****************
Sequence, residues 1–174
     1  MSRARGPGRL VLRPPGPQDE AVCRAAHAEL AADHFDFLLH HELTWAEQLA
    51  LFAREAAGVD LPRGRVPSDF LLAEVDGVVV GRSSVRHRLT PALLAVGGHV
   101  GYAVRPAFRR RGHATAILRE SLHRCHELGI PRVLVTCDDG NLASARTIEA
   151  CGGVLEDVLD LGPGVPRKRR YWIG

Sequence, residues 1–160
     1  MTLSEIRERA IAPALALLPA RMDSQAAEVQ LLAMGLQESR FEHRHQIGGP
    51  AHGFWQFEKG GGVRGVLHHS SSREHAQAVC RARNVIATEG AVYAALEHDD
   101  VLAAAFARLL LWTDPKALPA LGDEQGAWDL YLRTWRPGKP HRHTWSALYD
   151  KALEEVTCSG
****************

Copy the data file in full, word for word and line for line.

Sequence, residues 1–174
     1  MSRARGPGRL VLRPPGPQDE AVCRAAHAEL AADHFDFLLH HELTWAEQLA
    51  LFAREAAGVD LPRGRVPSDF LLAEVDGVVV GRSSVRHRLT PALLAVGGHV
   101  GYAVRPAFRR RGHATAILRE SLHRCHELGI PRVLVTCDDG NLASARTIEA
   151  CGGVLEDVLD LGPGVPRKRR YWIG

Sequence, residues 1–160
     1  MTLSEIRERA IAPALALLPA RMDSQAAEVQ LLAMGLQESR FEHRHQIGGP
    51  AHGFWQFEKG GGVRGVLHHS SSREHAQAVC RARNVIATEG AVYAALEHDD
   101  VLAAAFARLL LWTDPKALPA LGDEQGAWDL YLRTWRPGKP HRHTWSALYD
   151  KALEEVTCSG